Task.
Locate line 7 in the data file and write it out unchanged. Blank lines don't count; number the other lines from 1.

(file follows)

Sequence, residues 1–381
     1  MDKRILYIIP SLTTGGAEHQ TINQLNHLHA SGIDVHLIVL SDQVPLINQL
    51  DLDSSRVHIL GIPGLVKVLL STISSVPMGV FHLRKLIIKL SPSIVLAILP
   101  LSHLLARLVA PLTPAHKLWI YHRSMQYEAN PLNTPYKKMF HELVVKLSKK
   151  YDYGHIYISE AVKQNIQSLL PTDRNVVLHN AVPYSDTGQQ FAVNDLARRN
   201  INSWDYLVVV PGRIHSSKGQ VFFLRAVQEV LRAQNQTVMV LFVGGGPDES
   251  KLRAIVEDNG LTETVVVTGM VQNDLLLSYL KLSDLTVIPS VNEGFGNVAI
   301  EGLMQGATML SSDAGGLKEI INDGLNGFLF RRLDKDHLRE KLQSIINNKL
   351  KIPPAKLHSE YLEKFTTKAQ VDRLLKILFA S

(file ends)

   251  KLRAIVEDNG LTETVVVTGM VQNDLLLSYL KLSDLTVIPS VNEGFGNVAI